I haven't seen a sediment trap in years, but I agree the shut off or line valve should be before the device.

Oct 08, 2011 12:44 AM #45
Rainmaker
1,278,016
Jay Markanich
Jay Markanich Real Estate Inspections, LLC - Bristow, VA
Home Inspector - servicing all Northern Virginia

Dorte - if you mean propane, I see sediment traps on those systems too.  If you mean in beverages, well, now maybe you can cover your mouth when you burp (that's kind of a settlement trap...)

Michael - well, you should see them all the time!  The code has not changed.  But at least your valves are right!

Oct 08, 2011 03:55 AM #46
Rainmaker
843,161
Lyn Sims
RE/MAX Suburban - Schaumburg IL Real Estate - Northwest Suburbs of Chicago - Schaumburg, IL
Schaumburg Homes

I didn't notice that until you pointed it out. Thanks for the info. I just looked & my own furnace is this way .... yikes!

Oct 08, 2011 09:29 AM #47
Rainmaker
384,631
Donald Hester
NCW Home Inspections, LLC - Wenatchee, WA
NCW Home Inspections, LLC

Jay,

Even I, who knows almost nothing when it comes to gas, knows to look for the sediment trap and shut off location.

p.s. check out my shout out to ya ;)

Oct 08, 2011 02:18 PM #48
Rainmaker
1,278,016
Jay Markanich
Jay Markanich Real Estate Inspections, LLC - Bristow, VA
Home Inspector - servicing all Northern Virginia

Run for the hills Lyn!  RUN!

Or see if you can have another valve installed, if it really, really bothers you.  The likelihood that you will need to remove the sediment trap is fairly minimal, all told.

Don - well, logic is logic.  You guys don't have gas out there?

I will look for the shout out.  Where?

Oct 08, 2011 02:26 PM #49
Rainmaker
229,431
Reuben Saltzman
Structure Tech Home Inspections - Minneapolis, MN
Minneapolis Home Inspections

To Charles - here in Minnesota, sediment traps are required on all automatically controlled gas appliances.  Ranges and clothes dryers are not automatically controlled- you turn them on manually.

Now why they're only required on automatically controlled appliances... I don't know.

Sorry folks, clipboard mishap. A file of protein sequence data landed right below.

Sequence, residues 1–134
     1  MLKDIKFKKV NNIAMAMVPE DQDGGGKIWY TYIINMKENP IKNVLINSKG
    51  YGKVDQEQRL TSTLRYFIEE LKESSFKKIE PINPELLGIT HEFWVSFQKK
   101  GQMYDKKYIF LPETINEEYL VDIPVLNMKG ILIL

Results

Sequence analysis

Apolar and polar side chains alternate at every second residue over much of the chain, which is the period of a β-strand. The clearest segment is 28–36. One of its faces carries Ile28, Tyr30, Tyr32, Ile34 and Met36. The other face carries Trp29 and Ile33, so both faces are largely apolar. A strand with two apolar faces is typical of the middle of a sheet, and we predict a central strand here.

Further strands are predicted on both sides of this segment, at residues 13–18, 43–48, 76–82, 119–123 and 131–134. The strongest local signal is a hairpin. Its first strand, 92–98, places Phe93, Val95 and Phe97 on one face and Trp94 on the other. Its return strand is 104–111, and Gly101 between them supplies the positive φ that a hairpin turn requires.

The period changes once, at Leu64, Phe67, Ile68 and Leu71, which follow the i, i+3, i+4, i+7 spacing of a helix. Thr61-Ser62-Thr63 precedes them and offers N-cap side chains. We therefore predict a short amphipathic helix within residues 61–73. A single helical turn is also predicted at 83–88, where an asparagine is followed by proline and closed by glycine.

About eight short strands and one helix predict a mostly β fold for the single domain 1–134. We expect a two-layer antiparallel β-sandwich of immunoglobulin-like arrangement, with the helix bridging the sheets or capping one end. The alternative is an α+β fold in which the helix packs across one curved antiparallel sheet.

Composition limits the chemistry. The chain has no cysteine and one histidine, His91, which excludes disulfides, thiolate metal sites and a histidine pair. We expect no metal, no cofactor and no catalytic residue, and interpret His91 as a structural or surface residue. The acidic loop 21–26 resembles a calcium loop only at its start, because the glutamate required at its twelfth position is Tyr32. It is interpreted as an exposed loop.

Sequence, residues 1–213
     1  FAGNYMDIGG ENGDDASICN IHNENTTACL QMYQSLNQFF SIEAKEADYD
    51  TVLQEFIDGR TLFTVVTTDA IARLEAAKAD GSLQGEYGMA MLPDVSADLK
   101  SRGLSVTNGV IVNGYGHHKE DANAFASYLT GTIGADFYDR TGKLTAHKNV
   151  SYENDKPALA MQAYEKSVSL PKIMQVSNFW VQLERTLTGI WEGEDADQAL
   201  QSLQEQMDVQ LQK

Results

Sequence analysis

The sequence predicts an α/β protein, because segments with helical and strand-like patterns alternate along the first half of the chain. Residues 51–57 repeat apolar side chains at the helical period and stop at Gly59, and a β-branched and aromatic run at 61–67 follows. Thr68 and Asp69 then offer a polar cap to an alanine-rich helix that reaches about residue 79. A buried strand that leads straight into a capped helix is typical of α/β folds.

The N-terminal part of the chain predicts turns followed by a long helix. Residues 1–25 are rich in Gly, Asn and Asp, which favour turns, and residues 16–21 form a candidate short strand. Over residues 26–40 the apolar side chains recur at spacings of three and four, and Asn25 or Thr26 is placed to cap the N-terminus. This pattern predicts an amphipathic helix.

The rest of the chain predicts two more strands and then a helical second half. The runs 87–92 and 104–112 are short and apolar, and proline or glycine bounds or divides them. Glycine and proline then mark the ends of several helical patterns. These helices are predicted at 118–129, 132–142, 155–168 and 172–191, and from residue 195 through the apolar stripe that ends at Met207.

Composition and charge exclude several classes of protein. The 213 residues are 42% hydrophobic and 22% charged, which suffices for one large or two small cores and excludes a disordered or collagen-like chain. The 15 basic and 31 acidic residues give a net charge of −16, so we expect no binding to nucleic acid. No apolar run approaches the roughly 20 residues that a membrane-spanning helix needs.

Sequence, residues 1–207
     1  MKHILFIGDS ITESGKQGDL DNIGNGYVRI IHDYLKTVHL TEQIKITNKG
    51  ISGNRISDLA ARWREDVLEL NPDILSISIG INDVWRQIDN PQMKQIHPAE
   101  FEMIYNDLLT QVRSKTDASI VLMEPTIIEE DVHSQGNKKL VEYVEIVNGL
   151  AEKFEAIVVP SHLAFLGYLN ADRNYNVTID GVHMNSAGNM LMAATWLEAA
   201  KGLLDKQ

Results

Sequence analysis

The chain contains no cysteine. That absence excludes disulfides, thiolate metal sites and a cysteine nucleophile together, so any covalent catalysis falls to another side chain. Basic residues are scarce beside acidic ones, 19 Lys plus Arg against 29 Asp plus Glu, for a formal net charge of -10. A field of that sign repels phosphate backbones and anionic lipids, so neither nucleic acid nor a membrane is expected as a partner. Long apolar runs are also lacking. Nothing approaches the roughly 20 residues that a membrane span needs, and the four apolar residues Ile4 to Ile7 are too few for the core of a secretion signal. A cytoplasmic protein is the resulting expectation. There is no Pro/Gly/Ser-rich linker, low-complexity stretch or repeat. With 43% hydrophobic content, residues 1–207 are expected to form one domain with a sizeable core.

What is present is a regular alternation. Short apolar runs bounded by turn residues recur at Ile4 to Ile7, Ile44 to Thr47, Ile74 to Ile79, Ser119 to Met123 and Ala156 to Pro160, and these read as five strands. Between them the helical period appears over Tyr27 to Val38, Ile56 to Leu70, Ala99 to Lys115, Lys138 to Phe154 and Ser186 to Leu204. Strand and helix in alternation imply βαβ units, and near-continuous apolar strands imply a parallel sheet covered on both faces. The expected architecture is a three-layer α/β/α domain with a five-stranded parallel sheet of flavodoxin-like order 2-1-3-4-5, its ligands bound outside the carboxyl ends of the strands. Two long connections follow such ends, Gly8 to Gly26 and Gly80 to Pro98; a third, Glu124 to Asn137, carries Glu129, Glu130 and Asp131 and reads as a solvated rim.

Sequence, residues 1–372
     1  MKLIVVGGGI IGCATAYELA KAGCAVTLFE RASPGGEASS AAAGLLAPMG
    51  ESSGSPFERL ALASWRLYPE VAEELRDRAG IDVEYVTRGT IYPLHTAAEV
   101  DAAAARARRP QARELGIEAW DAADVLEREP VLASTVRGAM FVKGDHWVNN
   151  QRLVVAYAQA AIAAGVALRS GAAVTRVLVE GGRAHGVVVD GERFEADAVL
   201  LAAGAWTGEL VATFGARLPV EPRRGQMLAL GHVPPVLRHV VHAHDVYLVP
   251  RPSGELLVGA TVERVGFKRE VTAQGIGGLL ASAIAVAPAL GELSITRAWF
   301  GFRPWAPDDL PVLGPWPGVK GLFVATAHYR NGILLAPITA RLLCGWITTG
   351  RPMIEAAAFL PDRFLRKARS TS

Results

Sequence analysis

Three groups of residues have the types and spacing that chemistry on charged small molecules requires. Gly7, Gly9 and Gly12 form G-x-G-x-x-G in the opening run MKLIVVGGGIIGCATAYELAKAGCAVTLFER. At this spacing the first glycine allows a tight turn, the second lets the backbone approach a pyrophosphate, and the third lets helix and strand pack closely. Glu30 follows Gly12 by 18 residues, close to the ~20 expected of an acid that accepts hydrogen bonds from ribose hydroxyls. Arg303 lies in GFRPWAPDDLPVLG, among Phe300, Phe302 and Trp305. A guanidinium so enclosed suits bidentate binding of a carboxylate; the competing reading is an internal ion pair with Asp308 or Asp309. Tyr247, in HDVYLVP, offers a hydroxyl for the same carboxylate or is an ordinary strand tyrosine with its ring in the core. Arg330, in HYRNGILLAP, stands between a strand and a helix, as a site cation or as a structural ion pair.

Oct 09, 2011 10:19 PM #50
Rainmaker
1,278,016
Jay Markanich
Jay Markanich Real Estate Inspections, LLC - Bristow, VA
Home Inspector - servicing all Northern Virginia

Sure, Reubs, throw in ANOTHER wrinkle.  Sheesh...  Now you've just confused him more.

Don't you love the dryer that turns on automatically when you simply close the door?

Oct 10, 2011 03:52 AM #51
Rainmaker
650,137
Stephanie/Bob The Ruiz/Miller Team
Keller Williams Cornerstone Realty - Ocala, FL
The Ocala Dream Team

Hi Jay.  Thanks.  You always contribute such educational articles.  And we can always learn something new.

Oct 10, 2011 06:17 AM #52
Rainmaker
1,278,016
Jay Markanich
Jay Markanich Real Estate Inspections, LLC - Bristow, VA
Home Inspector - servicing all Northern Virginia

Thanks Bob!  Join my new group - http://activerain.com/groups/bestpractices

Oct 10, 2011 06:33 AM #53
Rainmaker
229,431
Reuben Saltzman
Structure Tech Home Inspections - Minneapolis, MN
Minneapolis Home Inspections

Those dryers were certainly a lot easier to figure out.  I actually had to read the instruction manual to figure out how to properly use my new-fangled dryer.

Oct 10, 2011 09:59 PM #54
Rainer
109,107
Stephen Stanczyk
Safe Haven Home Inspections - Puyallup, WA
Home Inspector - Puyallup WA

I would venture to say that 95% of the traps installed up here are done incorrectly.  As you pointed out, either no shut off valve or they put the trap so close to the ground that the cap could not be removed.

Once in a blue moon I run into a real pro that does it right.  It is a pleasure to see their work.

Oct 11, 2011 01:58 AM #55
Rainmaker
1,278,016
Jay Markanich
Jay Markanich Real Estate Inspections, LLC - Bristow, VA
Home Inspector - servicing all Northern Virginia

Reuben - I know!  On some home inspections you need a degree from MIT to turn on the dryer!

Steve - I saw it four times last week and once yesterday!  Logic is logic and the purpose of the trap is removal.  I think I remember you finding an improper valve on Christian's inspection too.  Wow, 95%?

Oct 11, 2011 05:33 AM #56
Rainmaker
733,405
Juli Vosmik
Dominion Real Estate Partners, LLC, Scottsdale, AZ - Scottsdale, AZ
Scottsdale/Cave Creek, AZ real estate 480-710-0739

Jay, I should've searched on AR for sediment traps BEFORE the plumber came today to replace my hot water heater that burst yesterday.  He INSISTED it has been a requirement here since 1998, but my home was built in 2002 and we bought it in 2005 with a full inspection.  I should've known to check here. 

Dec 20, 2011 10:35 PM #57
Rainmaker
1,278,016
Jay Markanich
Jay Markanich Real Estate Inspections, LLC - Bristow, VA
Home Inspector - servicing all Northern Virginia

Did you have a sediment trap before and the valve was on the wrong side, Juli, or did it not have one and he wanted to install one?

Dec 21, 2011 05:49 AM #58
Rainmaker
264,568
Wayne B. Pruner
Oregon First - Tigard, OR
Tigard Oregon Homes for Sale, Realtor, GRI

Nice catch! These traps are still required around here. Very seldom do I see anything in them!

Oct 12, 2012 08:08 AM #59
Rainmaker
1,278,016
Jay Markanich
Jay Markanich Real Estate Inspections, LLC - Bristow, VA
Home Inspector - servicing all Northern Virginia

Thanks Wayne.  It is surprising how often I see this done improperly!

Oct 12, 2012 09:03 AM #60
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Rainmaker
1,278,016

Jay Markanich